Month: November 2013

A Tale of Two Elections

Two important elections happened on November 5, 2013, one in New Jersey and the other in Virginia. These elections could be indicators of what’s to come in politics and how to win or lose an election. The reelection of New Jersey Governor Chris Christie provides the first set of electoral lessons. According to the Associated Press, Gov. Christie won by a whopping 22 percentage points and drew a large number of women, minority, and democrat voters to his side in the election. Did I mention that Gov. Christie is a Republican? He was able to accomplish something that is...

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Climate Change: A non-partisan issue in Texas?

Some interesting recent polling, including work done by the Yale Project on Climate Change Communication, suggests a narrowing gap between California and Texas over climate change concerns. This may be surprising to many since Texas’s political leaders take a hard line on restricting greenhouse gas emissions compared to public leaders in the Golden State. Governor Perry’s attorney general, Greg Abbott, has sued the Environmental Protection Agency 17 times, while Commissioner Shaw of the Texas Commission on Environmental Quality (TCEQ) has been publicly skeptical of climate change. At Texas Tribune Fest Mr. Shaw suggested that carbon dioxide might not be...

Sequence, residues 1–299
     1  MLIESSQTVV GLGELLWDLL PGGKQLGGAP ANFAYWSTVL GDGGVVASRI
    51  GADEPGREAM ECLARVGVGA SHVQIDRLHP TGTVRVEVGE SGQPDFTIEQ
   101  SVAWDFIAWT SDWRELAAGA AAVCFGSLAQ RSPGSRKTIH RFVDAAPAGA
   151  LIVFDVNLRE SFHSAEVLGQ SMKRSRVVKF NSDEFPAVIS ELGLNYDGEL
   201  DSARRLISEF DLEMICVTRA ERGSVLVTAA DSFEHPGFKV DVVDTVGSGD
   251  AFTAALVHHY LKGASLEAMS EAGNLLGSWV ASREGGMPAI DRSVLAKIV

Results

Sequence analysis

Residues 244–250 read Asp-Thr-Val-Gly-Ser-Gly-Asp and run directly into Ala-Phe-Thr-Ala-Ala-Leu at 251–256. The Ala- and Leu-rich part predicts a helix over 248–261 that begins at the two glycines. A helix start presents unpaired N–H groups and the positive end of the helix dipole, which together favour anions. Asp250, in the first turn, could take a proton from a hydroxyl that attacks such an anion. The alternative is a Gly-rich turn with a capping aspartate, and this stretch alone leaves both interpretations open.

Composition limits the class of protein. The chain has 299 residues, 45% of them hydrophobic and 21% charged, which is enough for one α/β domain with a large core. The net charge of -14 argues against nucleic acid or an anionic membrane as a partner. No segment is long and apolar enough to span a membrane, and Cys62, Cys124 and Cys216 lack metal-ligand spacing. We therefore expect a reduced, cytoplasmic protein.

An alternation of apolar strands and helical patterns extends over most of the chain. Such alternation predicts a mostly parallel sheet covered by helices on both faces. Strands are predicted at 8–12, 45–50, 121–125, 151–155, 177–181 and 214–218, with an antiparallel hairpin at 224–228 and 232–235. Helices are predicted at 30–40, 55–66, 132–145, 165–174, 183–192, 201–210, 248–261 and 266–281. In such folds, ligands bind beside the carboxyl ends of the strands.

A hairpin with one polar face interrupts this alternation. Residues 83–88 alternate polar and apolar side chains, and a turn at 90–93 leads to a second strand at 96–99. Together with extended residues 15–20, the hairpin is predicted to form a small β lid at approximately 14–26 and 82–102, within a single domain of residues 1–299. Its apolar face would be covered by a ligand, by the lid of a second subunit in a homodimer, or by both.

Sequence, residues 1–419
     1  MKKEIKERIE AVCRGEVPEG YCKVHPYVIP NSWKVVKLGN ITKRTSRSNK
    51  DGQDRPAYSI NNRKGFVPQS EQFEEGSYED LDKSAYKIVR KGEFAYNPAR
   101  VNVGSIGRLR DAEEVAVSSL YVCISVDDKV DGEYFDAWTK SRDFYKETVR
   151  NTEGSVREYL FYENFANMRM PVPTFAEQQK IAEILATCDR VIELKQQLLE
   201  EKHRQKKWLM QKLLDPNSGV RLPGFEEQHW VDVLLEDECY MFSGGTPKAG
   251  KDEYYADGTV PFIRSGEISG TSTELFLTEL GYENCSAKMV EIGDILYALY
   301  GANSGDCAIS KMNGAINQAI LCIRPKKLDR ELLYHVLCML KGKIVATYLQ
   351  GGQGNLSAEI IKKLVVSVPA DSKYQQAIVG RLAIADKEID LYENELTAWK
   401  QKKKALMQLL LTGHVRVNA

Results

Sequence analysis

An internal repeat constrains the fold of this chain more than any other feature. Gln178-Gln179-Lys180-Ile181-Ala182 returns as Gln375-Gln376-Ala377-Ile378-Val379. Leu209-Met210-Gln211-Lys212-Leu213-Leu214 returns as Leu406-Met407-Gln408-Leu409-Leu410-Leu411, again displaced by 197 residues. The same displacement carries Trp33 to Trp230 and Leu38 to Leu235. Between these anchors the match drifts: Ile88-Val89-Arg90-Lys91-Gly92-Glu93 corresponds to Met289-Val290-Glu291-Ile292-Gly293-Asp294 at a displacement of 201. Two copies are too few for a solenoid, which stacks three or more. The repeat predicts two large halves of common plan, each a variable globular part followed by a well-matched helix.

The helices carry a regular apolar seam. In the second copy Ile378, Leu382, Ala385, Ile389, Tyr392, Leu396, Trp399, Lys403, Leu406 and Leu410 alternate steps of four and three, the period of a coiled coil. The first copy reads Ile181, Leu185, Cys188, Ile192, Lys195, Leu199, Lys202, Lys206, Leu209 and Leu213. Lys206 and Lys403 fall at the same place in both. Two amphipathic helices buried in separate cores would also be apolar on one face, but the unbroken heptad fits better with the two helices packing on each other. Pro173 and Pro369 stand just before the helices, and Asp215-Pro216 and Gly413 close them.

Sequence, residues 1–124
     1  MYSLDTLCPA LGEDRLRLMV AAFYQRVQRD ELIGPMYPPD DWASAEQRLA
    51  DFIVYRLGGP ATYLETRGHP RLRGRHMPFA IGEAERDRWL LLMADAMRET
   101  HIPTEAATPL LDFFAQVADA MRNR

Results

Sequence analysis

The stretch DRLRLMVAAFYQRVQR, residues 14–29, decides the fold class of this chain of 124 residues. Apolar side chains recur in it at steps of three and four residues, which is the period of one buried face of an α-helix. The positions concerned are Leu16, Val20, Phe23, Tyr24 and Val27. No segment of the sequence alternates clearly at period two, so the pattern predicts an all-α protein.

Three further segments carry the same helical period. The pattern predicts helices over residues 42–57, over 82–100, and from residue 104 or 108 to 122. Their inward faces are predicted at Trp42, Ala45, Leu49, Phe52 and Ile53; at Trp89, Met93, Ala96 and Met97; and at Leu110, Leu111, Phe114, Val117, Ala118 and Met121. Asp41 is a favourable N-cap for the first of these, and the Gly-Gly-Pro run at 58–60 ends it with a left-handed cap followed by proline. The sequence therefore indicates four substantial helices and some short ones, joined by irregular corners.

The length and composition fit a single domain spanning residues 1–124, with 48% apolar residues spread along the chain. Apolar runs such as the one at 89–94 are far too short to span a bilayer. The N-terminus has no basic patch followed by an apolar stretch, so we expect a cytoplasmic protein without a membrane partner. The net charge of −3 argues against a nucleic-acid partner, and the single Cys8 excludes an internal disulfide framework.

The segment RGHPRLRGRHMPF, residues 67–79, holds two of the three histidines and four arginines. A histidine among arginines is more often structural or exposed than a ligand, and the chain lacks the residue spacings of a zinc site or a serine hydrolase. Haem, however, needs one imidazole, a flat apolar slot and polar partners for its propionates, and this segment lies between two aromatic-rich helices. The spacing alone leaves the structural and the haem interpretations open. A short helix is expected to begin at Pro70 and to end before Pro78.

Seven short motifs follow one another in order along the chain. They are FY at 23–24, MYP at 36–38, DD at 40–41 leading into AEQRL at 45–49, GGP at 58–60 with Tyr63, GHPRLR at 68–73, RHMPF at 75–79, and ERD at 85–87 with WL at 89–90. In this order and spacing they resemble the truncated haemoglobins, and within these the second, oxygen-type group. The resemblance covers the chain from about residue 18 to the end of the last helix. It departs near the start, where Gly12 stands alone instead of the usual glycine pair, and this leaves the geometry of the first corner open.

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China Should End, Not Ease, the One-Child Policy

China’s announcement last week that it would “ease” its one-child policy received significant attention from the American media. The Chinese Communist Party (CCP) will now allow couples to have two children if either parent is an only child. Tweaking a policy that by definition violates human rights, however, deserves little praise. Amending the one-child policy is not enough. China must abolish it. The one-child policy is a clear violation of human rights norms. The 1968 proclamation of the International Conference on Human Rights explicitly states, “Parents have a basic human right to determine freely and responsibly the number and the spacing of their...

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Dr. Sheila Olmstead On Prop 6

In November 2013, voters from around Texas overwhelmingly approved a referendum that would allocate $2 billion from the state’s Economic Stabilization (Rainy Day) Fund to start water projects already included in the Texas Water Development Board’s State Water Plan. Many interested parties, including legislators and environmental groups, believe that the real work lies ahead. Where is this money going to go? And which projects are ultimately going to be funded? Andy Uhler spoke with the LBJ School’s own natural resource economist, Dr. Sheila Olmstead, to discuss the implications of this referendum, in a larger sense, for Texas public policy.  Andy Uhler: I think the...

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